Strain and screening: Optical properties of a small-diameter carbon nanotube from first principles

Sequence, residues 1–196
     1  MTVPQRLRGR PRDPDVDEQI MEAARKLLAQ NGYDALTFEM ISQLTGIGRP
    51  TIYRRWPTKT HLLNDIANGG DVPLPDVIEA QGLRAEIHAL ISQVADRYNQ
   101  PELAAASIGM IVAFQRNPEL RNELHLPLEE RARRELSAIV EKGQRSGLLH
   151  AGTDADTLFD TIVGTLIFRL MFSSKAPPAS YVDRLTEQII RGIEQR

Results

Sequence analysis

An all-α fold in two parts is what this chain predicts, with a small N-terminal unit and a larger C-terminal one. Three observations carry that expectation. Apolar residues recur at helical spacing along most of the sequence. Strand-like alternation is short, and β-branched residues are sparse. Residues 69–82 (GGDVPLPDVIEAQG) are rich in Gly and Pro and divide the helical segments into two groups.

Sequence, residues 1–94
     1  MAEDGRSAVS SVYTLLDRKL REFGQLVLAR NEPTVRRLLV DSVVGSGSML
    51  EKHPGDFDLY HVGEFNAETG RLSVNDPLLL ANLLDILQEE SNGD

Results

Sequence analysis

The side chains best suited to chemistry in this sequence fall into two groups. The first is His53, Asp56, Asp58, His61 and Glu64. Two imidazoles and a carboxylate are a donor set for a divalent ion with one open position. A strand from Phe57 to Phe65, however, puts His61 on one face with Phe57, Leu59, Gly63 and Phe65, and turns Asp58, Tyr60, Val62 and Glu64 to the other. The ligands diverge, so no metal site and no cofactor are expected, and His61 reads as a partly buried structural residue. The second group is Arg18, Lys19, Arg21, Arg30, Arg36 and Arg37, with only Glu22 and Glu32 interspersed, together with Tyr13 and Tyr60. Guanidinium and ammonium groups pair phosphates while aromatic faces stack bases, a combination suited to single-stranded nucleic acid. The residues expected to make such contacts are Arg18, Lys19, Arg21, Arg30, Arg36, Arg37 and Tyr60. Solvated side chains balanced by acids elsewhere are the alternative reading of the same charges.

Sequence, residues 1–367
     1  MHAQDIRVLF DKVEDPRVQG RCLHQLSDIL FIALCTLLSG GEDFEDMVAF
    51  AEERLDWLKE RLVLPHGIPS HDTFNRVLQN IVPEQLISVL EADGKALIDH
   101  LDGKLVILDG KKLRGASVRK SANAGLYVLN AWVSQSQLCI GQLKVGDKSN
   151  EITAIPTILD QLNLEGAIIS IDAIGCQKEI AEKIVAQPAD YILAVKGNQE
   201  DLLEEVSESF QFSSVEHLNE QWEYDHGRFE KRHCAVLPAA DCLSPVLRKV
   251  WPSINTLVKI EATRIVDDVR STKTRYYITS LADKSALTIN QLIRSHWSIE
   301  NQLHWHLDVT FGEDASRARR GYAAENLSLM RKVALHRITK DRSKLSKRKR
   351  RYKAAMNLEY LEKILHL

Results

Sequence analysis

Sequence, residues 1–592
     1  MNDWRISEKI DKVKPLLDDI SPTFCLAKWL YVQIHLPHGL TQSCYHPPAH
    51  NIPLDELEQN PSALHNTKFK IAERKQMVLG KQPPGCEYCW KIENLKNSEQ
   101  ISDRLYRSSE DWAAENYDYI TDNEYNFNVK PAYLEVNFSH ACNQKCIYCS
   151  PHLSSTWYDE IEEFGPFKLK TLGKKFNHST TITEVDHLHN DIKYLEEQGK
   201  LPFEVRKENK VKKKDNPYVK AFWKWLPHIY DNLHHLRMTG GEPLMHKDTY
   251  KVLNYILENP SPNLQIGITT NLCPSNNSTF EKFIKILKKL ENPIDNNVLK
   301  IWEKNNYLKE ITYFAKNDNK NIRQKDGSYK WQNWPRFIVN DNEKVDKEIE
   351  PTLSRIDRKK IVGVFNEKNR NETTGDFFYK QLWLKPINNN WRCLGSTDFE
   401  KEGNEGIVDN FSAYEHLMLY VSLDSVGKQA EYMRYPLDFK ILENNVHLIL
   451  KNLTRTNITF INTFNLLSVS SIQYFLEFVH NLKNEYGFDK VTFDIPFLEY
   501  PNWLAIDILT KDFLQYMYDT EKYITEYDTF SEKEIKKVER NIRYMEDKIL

Carbon nanotubes (CNTs) are a one-dimensional material system with intriguing physical properties that lead to emerging applications. While CNTs are unusually strain resistant compared to bulk materials, their optical-absorption spectrum is highly strain dependent. It is an open question, as to what extent this is attributed to strain-dependent (i) electronic single-particle transitions, (ii) dielectric screening, or (iii) atomic geometries including CNT radii. We use cutting-edge theoretical spectroscopy to explain strain-dependent electronic structure and optical properties of an (8,0) CNT. Quasiparticle effects are taken into account using Hedin's GW approximation and excitonic effects are described by solving a Bethe-Salpeter-equation for the optical polarization function. This accurate first-principles approach allows us to identify an influence of strain on screening of the Coulomb electron-electron interaction and to quantify the impact on electronic structure and optical absorption of one-dimensional systems. We interpret our thoroughly converged results using an existing scaling relation and extend the use of this relation to strained CNTs. We show that it captures optical absorption with satisfactory accuracy, as long as screening, quasiparticle gap, and effective electron and hole masses of the strained CNT are known.